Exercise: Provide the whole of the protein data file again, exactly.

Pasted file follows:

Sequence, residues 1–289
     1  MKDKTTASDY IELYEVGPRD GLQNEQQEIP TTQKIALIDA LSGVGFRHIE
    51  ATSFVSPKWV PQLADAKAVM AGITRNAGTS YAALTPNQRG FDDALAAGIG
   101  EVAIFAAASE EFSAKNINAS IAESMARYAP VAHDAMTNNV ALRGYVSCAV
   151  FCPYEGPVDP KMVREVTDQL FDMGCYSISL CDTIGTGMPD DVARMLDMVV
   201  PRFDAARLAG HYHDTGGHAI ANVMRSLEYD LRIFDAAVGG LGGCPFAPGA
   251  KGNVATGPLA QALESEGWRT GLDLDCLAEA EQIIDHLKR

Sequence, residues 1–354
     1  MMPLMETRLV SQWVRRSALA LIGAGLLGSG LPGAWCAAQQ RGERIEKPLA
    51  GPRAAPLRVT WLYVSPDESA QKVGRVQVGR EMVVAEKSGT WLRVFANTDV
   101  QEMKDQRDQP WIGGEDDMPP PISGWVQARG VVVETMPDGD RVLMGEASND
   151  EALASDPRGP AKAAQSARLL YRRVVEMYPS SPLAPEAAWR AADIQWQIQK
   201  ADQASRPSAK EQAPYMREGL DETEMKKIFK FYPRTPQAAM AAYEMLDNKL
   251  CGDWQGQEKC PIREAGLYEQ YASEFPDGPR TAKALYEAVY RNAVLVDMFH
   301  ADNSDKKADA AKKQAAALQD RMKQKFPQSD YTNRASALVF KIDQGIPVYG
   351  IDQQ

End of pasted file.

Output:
Sequence, residues 1–289
     1  MKDKTTASDY IELYEVGPRD GLQNEQQEIP TTQKIALIDA LSGVGFRHIE
    51  ATSFVSPKWV PQLADAKAVM AGITRNAGTS YAALTPNQRG FDDALAAGIG
   101  EVAIFAAASE EFSAKNINAS IAESMARYAP VAHDAMTNNV ALRGYVSCAV
   151  FCPYEGPVDP KMVREVTDQL FDMGCYSISL CDTIGTGMPD DVARMLDMVV
   201  PRFDAARLAG HYHDTGGHAI ANVMRSLEYD LRIFDAAVGG LGGCPFAPGA
   251  KGNVATGPLA QALESEGWRT GLDLDCLAEA EQIIDHLKR

Sequence, residues 1–354
     1  MMPLMETRLV SQWVRRSALA LIGAGLLGSG LPGAWCAAQQ RGERIEKPLA
    51  GPRAAPLRVT WLYVSPDESA QKVGRVQVGR EMVVAEKSGT WLRVFANTDV
   101  QEMKDQRDQP WIGGEDDMPP PISGWVQARG VVVETMPDGD RVLMGEASND
   151  EALASDPRGP AKAAQSARLL YRRVVEMYPS SPLAPEAAWR AADIQWQIQK
   201  ADQASRPSAK EQAPYMREGL DETEMKKIFK FYPRTPQAAM AAYEMLDNKL
   251  CGDWQGQEKC PIREAGLYEQ YASEFPDGPR TAKALYEAVY RNAVLVDMFH
   301  ADNSDKKADA AKKQAAALQD RMKQKFPQSD YTNRASALVF KIDQGIPVYG
   351  IDQQ